The opportunity to go from vampire to human, and basically just doing 'Aleks' within that character was really a huge breath of fresh air, and I loved that aspect of playing Julius. But it's bittersweet. It's the best gig that I've had, and the longest gig I've had," he laments, referring to the end of the series.
"Knowing it was our last season, it was tough to go to work. That's how much it meant to me, and affected my life and lifelong friendships. And my god, the fans have been so supportive of the show. For us to go five years in this day and age of television is pretty great."
Fans have also embraced Paunovic's lovable giant of a character, Breachman Bojan "Boki" Boscovic, on TNT's Snowpiercer, starring Daveed Diggs and Jennifer Connelly.
"I went in for the audition, and it was originally a Polish character named Harold," Paunovic says, "And I'm Serbian, so sometimes I'll improv in Serbian. So, when I got the role, I was like, 'Okay, now I have to tell them I don't speak Polish and that my improv was in Serbian, so either we take it out, or we make the guy Serbian!'"
Paunovic coaxed showrunner Graeme Manson to go along with his ideas for the character, even allowing him to name the burly mechanic after his own brother, Bojan.
"Come on, man. Breachman Boki Boscovic!" he laughs, "How great of a name is that? Graeme really gave me a gift with that, so not only is the character now the one from the audition, but I get to make him mine. He's Serbian and I get to give my brother a tribute. The role is very close to my heart and I consider it a gift that I get to play it."
While Paunovic only appeared in two episodes in Season one, "You will definitely see a lot more of Bojan Boscovic in season two!" he says. "It's such a wonderfully talented ensemble, and there are some really amazing twists and turns this season. I feel very fortunate to not only be a part of this show, but to have a character that I can connect with so well."
In addition to these two roles, the Vancouver and LA-based actor has recently finished production or is in pre-production on a myriad of other projects, such as the YouTube series NarcoLeap, TV movies Hollywood North and Plains of Snow, and films Sheltering Season, XCII, Final Invasion, and Chained.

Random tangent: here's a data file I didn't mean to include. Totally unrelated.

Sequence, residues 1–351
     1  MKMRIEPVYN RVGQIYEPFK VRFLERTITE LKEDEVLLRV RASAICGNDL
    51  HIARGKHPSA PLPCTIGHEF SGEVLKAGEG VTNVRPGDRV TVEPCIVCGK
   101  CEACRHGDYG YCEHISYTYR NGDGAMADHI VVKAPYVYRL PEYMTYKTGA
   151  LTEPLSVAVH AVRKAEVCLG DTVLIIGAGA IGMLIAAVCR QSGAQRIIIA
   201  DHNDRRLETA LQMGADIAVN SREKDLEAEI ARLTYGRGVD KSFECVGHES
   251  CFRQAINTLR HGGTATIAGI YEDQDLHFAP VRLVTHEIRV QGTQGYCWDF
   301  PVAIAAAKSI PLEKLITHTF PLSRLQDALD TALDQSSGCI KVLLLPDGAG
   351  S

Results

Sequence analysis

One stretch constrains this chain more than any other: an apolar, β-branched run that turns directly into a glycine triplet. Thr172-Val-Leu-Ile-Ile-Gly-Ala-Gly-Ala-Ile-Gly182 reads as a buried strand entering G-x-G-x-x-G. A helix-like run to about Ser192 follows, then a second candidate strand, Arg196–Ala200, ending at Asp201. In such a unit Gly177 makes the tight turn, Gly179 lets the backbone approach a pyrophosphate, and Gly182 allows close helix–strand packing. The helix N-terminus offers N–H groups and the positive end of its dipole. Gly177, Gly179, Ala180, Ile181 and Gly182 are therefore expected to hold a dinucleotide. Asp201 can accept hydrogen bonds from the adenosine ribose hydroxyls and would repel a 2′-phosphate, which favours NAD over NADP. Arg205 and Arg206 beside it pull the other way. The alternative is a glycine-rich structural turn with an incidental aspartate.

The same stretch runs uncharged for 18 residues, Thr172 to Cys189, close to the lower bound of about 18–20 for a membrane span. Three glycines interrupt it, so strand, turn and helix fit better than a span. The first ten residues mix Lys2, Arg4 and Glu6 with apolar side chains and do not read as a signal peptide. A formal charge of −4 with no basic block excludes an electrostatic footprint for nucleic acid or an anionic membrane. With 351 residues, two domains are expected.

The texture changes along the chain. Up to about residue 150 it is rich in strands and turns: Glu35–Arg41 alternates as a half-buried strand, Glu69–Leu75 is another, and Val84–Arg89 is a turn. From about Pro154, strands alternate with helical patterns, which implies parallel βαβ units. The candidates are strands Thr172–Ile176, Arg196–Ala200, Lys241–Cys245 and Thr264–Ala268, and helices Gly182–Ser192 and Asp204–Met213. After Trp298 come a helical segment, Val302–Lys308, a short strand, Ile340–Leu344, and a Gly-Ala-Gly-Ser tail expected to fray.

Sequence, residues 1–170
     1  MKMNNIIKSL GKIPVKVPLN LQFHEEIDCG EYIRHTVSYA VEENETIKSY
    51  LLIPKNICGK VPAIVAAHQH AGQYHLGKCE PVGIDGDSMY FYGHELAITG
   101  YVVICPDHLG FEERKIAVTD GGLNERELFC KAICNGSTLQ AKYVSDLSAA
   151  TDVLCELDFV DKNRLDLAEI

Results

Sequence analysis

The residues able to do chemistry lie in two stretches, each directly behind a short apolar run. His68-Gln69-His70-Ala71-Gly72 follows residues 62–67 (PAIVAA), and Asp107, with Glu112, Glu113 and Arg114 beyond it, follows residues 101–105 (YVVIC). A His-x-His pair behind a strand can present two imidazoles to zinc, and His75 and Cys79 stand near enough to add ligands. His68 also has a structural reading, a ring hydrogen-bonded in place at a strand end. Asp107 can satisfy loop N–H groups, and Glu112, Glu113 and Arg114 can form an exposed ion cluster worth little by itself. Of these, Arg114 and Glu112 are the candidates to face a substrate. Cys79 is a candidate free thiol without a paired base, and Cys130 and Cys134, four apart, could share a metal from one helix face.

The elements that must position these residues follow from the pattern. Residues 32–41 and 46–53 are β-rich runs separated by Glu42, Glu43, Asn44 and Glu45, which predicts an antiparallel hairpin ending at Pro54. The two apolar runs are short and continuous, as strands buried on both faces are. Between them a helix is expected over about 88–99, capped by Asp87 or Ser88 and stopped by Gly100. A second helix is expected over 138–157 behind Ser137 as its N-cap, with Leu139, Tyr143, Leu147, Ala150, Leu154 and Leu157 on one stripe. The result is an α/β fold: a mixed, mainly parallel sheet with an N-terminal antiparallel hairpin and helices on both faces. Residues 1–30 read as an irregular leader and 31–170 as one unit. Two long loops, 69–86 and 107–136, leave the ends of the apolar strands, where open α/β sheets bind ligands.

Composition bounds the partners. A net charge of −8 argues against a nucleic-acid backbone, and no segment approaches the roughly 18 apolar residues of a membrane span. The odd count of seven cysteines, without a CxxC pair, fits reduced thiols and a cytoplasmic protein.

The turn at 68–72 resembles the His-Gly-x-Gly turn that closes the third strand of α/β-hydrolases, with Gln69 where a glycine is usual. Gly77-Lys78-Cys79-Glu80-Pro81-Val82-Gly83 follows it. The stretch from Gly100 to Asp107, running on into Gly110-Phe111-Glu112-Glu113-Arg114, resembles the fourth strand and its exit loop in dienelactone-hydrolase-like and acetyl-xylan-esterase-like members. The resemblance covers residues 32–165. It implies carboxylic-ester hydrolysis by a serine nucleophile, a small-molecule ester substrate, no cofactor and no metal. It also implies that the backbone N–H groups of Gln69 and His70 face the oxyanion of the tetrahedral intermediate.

He's also working on a passion project in his hometown of Winnipeg, creating a production studio called Wonderlight.
"Winnipeg, has, arguably, the best tax credit in North America. Not only that, we want to create jobs within my hometown. Covid has definitely put a little bit of a hurt on things at the moment, but we are building relationships and looking forward to expanding Winnipeg into a vital production city," Paunovic says.
Although he plays so many "baddies," as he calls them, in movies and on television, Paunovic is really a self-proclaimed "mama's boy" at heart. As a youth growing up in Winnipeg, he did, admittedly, sometimes use his size to his advantage - a choice he now regrets.
"When you're young, and your hormones are going, and your testosterone's up, you make certain decisions out of fear. I remember there were times when I was scared because another kid was really smart, and I felt like he was making me feel unintelligent, so I would use my size to squash him. I used my upbringing as a boxer, thinking that was a way to show my strength."
Paunovic continues, "I think I just needed guidance - I needed people to let me know that it was ok to feel things, and it was ok to talk about them. I feel like I could've experienced so much more with an open heart if I didn't have that fear and insecurity and the need to make someone else feel like less, so that I could feel better."
Because of his experiences as a young teenager, he is now a strong advocate against bullying - often focusing on the bully, rather than the victim, to try to help stop the problem at its source.
As an actor, athlete, and musician who knows what it's like to be judged on appearances, Paunovic makes an effort to devote time to the Canadian Red Cross's Anti-Bullying Initiatives. "I think that so much can be solved with a lot of care and openness and a safe space to talk about feelings and emotions."
As Paunovic shows, just because someone dominates a room, it doesn't mean they're not all heart.
Season two of Snowpiercer premieres on TNT January 25th.